This application is supported by the affidavit of the applicant in which he echoes the grounds of application and further depons that
he read Act 17 of 2005 and the rules made there under. That no election petition can be filed before the electoral commission publishes results in the gazette. That the next elections
are to be held in 2011 therefore no decision has been made by the electoral commission to initiate an appeal by a petition. Therefore
this petition is too early because the next elections are yet to be organized.
In his affidavit in reply, the respondent to this application Maket Latif deponed that he filed the petition under Article 80 (2) (f) of the Constitution to declare the applicant not qualified to contest
as member of parliament since he was convicted of a crime of corruption. That the petition is proper before court because it is not
brought under the Parliamentary elections Act and Rules made there under but under Article 80 (2) (f) of the Constitution seeking to bar the applicant from contesting and not removing him from Parliament.
That the mere use of the word Election Petition does not mean that the petition is for nullification of elections but to stop the
applicant from contesting as M.P since he does no qualify pursuant to Article 80 (2) (1) of the Constitution. That court should look at the substance/merit of the petition
rather than a technicality.
I have considered this application and the submissions by respective counsel. I have related the same to the law. This petition is filed and registered as an election petition thus making the challenge by the
applicant herein proper.
I agree with the submission by Mr. Ntambirweki, Kandeebe learned counsel for the applicant that the petition filed by Mr. Maket Latif is premature. Although the petitioner has a noble objective of trying to stop someone he considers unqualified to stand for election
as a member of parliament, the law appears not to have taken care of his timing of the petition.
Article 80 (2) of the Constitution enumerates situations where a person is not qualified for election as a member of parliament. These
situations are inter alia where one is under a sentence of death or sentence exceeding nine months without option of a fine or where a person has within seven years immediately
proceeding the election been convicted of a crime involving dishonesty or moral turpitude or has within 7 year’s immediately
preceding the election been convicted of an offence under any law relating to elections conducted by the electoral commission.
This constitutional provision appears to have been operationalized under the Political Parties and Organizations Act 8 of 2005. S.10
(1) thereof a political party or organization shall in its internal organization, comply with the provisions of the Constitution,
in particular articles 71 and 72 of the Constitution. Also under S.61 (1) (d) of the Parliamentary Elections Act 17 of 2005, the election of a candidate as a member of parliament shall only be set aside
if the candidate was at the time of his or her election not qualified or was disqualified for election as a member of parliament.
It would appear therefore that for one to challenge somebody as not qualified to stand as a member of parliament it has to be after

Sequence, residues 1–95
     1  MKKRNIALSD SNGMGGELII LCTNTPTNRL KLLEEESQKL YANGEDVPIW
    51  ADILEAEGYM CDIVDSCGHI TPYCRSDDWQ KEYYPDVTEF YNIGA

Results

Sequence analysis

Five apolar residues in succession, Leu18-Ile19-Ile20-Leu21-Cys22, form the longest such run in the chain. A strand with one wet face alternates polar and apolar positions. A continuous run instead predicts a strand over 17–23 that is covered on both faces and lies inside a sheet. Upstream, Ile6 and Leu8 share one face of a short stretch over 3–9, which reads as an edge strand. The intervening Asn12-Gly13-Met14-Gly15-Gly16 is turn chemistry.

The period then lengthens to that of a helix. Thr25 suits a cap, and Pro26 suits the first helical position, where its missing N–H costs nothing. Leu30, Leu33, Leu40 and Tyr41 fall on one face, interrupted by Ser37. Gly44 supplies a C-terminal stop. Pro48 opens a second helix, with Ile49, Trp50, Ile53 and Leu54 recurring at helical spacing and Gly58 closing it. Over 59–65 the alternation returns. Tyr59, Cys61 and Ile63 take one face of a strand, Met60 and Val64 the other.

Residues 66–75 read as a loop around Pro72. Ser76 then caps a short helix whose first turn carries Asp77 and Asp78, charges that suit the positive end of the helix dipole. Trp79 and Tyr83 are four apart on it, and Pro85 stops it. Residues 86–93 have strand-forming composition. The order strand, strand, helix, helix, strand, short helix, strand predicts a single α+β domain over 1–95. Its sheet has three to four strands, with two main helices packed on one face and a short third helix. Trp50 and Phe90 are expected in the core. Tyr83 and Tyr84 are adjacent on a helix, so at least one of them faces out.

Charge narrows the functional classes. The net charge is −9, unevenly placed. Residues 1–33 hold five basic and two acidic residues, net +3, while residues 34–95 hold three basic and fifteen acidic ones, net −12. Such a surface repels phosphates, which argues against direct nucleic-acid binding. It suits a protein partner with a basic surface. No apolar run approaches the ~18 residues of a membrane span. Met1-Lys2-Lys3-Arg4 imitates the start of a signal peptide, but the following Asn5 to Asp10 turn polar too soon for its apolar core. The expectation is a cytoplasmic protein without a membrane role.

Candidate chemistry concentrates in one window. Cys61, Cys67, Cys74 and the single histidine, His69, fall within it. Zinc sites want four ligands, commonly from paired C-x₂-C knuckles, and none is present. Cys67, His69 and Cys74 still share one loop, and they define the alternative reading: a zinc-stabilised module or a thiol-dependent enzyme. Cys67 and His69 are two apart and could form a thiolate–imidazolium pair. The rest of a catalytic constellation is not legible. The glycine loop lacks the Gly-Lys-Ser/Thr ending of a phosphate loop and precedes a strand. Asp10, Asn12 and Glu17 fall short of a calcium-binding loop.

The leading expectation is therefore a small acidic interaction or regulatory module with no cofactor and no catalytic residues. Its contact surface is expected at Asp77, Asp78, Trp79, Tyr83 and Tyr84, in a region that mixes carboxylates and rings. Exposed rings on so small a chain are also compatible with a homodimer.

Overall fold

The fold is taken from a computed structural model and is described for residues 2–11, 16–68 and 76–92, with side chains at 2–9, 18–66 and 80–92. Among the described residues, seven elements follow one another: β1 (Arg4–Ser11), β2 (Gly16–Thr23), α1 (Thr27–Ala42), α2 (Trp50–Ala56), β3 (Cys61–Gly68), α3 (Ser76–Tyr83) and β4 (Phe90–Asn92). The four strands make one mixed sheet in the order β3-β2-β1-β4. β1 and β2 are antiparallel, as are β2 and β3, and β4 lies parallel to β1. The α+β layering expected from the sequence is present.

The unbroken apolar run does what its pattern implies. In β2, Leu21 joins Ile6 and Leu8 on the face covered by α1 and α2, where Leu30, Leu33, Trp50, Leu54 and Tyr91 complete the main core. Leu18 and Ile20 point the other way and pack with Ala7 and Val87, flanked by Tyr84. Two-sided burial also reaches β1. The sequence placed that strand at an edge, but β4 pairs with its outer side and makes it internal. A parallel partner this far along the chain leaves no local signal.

a process conducted by the national electoral commission under the Parliamentary Elections Act and the Parliamentary Elections (Petitions)
Rules S.I 141-2.
Vetting of candidates during primaries is a political party or organization’s internal matter which has to be carried out by
a given party or organization in a manner envisaged under S.10 (1) of the Political Parties and Organizations Act 17 of 2005.
In the instant case, I agree with the submissions by the applicant that Election Petition 2 of 2010 is premature and untenable in
law. Apart from the respondent expressing a wish to contest as a candidate for Member of Parliament, his candidature has not been taken cognizance of by the national Electoral Commission to initiate challenge by any voter or candidate
who loses the elections as envisaged under the Parliamentary Elections Act. (See (S.60) and Article 64(5) of the Constitution).
By the time of this petition, the respondent had not presented himself for nomination to be a contestant in the next general elections.
Article 80 (2) under which the petition is filed is not an enabling law through which a petition can be filed. In view of this holding,
it is futile to consider whether the petition was duly served onto the respondent in accordance with the law.
Regarding the interim injunction by the learned assistant Registrar,
Under Rule 24 of the Parliamentary Elections (Election Petition) Rules.
“All interlocutory questions and matters arising out of the trial of the petition other than those relating to leave to withdraw a
petition shall be heard and disposed of, or dealt with, by a judge; and references in these rules to court shall be construed accordingly.”
This is an express and mandatory provision of the law ousting the jurisdiction of a registrar from handling interlocutory matters
in election petitions.
Had this petition been timely and properly before court, the learned registrar’s order would have been void ab initio. The interim order issued on 27th August 2010 is hereby vacated and declared to be of no legal effect.
For the reasons I have given hereinabove, I will grant this application and order that Election Petition 0002/2010 be and is hereby
struck off the register. I note that the petitioner’s intentions were noble and since the respondent is accountable to his
voters, I will order that each party meets its costs.
Lillian C.N. Mwandha
Both parties in court.
Court Clerk Fatuma Muwando.
My instructions were to read and deliver the ruling and I have done so. Ruling delivered.